Loneliness is twice as likely to kill older people as obesity
- 17 Feb
A six year study has found that loneliness is twice as unhealthy as obesity for older people.
Scientists tracked over 2,000 people aged 50 and over and found that the loneliest were twice as likely to die as the least lonely, reports the Guardian.
When comparing the average person in the study, those who reported being lonely had a 14% greater risk of dying. This figure means that loneliness has around twice the impact on an early death as obesity. The risk of an early death increased by 19% if the person was in poverty.
A study of loneliness in older people in Britain in 2012 found that over a fifth felt lonely all the time and a quarter became lonelier over five years. Half of those who took part in the survey said that their loneliness was worse at weekends and three-quarters suffered more at night.
Previous studies have linked loneliness to a range of health problems ranging from high blood pressure and a weakened immune system to a greater risk of depression. John Cacioppo, a psychologist at the University of Chicago, says that the pain of loneliness is similar to physical pain.
Cacioppo said the world was experiencing a "silver tsunami" as baby boomers reached retirement age. "People have to think about how to protect themselves from depression, low subjective well-being and early mortality," he said. "We have mythic notions of retirement. We think that retirement means leaving friends and family and buying a place down in Florida where it is warm and living happily ever after. But that's probably not the best idea. We find people who continue to interact with co-workers after retirement and have friends close by are less lonely. Take time to enjoy yourself and share good times with family and friends. Non-lonely people enjoy themselves with other people."
Researchers found that some people were happy living a life of solitude, however others still felt lonely and their mental health suffered due to this. The findings suggest that people needed to feel involved and valued by those to the them and that company alone was not enough.
Caroline Abrahams at Age UK said the study added to a growing body of research showing that being lonely not only made life miserable for older people, but also made them more vulnerable to illness and disease.
"It's time we took loneliness seriously as a threat to a happy and healthy later life. We need to do more to support older people to stay socially connected. This is a big part of our job at Age UK and everyone can help by being a good friend or neighbour to the older people they know," she said.
What do you think of this? Tweet us your comments @suppsolutions
Image source: http://www.sxc.hu/photo/982475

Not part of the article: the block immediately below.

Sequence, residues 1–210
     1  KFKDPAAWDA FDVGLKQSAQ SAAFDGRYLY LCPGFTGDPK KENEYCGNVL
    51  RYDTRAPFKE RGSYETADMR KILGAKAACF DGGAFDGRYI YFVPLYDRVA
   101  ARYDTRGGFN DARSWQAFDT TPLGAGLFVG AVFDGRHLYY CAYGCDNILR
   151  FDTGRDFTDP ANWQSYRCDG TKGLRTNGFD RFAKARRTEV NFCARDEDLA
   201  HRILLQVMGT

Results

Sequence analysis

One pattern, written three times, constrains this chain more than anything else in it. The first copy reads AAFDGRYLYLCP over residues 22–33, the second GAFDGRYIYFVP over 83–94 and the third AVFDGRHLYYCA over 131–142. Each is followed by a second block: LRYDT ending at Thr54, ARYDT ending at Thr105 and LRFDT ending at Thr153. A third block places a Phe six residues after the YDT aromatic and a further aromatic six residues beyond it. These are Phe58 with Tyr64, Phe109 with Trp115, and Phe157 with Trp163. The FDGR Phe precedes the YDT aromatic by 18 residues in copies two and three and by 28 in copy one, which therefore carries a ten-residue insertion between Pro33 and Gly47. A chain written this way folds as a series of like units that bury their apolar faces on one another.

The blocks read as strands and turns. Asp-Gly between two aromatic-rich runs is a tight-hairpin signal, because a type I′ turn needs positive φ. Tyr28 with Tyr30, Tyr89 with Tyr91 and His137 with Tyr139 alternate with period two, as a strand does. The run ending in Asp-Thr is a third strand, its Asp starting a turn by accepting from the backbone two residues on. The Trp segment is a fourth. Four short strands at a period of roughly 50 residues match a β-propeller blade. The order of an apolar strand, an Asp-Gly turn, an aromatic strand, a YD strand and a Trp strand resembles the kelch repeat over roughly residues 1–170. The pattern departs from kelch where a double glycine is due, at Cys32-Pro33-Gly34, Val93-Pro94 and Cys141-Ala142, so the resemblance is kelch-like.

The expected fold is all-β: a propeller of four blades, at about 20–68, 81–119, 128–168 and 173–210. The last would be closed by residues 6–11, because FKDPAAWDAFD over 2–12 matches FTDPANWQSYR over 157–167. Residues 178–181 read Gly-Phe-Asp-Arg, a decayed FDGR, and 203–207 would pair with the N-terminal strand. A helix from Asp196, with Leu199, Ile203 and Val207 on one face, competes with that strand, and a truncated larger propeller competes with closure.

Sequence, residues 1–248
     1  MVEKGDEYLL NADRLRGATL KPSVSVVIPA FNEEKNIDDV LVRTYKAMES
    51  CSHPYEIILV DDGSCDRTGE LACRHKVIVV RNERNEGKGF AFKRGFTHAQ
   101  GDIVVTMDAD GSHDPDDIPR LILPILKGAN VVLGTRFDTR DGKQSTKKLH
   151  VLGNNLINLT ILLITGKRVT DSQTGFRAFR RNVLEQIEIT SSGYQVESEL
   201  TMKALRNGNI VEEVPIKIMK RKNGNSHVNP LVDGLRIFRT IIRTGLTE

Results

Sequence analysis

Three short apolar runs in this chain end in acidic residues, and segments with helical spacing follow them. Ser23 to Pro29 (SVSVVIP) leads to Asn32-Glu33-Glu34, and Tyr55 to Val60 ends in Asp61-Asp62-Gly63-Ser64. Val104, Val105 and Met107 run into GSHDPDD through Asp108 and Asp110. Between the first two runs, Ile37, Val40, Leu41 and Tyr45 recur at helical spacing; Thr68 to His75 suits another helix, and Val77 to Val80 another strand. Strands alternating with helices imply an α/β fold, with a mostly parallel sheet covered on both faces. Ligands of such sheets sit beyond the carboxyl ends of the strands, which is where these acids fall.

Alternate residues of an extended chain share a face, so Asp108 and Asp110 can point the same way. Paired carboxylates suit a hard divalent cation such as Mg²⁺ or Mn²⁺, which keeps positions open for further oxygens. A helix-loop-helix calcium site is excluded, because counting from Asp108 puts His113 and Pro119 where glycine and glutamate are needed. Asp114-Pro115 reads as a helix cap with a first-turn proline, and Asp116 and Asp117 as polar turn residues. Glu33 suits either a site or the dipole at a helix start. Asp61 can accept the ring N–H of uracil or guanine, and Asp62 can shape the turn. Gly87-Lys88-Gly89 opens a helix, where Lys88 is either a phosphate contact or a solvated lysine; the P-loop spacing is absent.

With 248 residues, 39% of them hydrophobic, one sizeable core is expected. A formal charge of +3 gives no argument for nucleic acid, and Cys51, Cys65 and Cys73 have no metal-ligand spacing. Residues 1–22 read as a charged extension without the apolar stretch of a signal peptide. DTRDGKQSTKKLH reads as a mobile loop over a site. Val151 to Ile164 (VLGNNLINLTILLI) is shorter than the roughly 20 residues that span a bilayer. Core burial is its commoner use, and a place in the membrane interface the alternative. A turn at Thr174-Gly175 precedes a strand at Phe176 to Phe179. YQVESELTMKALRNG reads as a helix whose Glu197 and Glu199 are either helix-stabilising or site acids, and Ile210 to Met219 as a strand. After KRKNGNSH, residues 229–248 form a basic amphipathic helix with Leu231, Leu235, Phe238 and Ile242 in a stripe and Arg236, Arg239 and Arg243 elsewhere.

- 01 Sep
Older people need more male carers
Professor Martin Green has said that the government needs to do more to recruit males into front-line adult social care roles, reports the BBC.Prof Green has said that with the increasing number of...
- 25 Aug
Survey finds older people have better quality of life in retirement villages than care homes
Chief executive of Audley Retirement, Nick Sanderson, has said that demand for his form of extra-care housing was so strong he could not build homes fast enough, reports the Guardian.He said: “I...
- 12 Aug
Older people’s Commissioner disappointed by Welsh Government
Sarah Rochira, Wale’s Commissioner for older people has said she is “extremely disappointed” at the response from the Welsh Government to its call for action to protect residents in care homes,...
- 31 Jul
Charity warns of loneliness in older people
The Campaign to End Loneliness charity want a “range of support” for older people to help them fight loneliness, reports the BBC. The charity says that transport and technology are essential to...
- 27 Jul
New housing for older people promised
Members of Kensington and Chelsea’s cabinet have decided to create 150 new homes for older people on the site of a care home that closed down in 2014 due to Legionella, reports Get West...
- 22 Jul
New drug provides hope for older people with Parkinsons
Scientists have found that people taking glitazone pills were less likely to develop Parkinson’s than people taking other diabetes drugs. However, they have cautioned that the drugs could have...
- 15 Jul
Lack in dignity when caring for older people in hospital
In a poll from 2012 it has been found that poor care is most likely to be experienced by people over the age of 80, reports the BBC. Over a third of patients who need help at mealtimes did not...
- 09 Jul
New housing development for older people in Sunderland
A 16.3m housing and care scheme has been opened by the Leader of Sunderland Council, reports Sunderland Echo.The accommodation provides 158 two-bedroom apartments for older people and 17 one bed...
- 07 Jul
Social care cuts leaving older people stranded
Age UK is calling on Chancellor George Osborne to put an end to cuts to social care funding due to the increasing rate the older population is growing, reports the Yorkshire Post. Age UK has...
- 01 Jul
Charity wants priority for older people in housing
Erosh represents organisation providing housing and support to 120,000 older people and has written to new government ministers in opposition, reports Inside Housing.The letter calls on ministers to...
How to Fund Housing Support and Social Care Sevices Extremely informative, excellent speaker. Alison Halstead - Riverside ECHG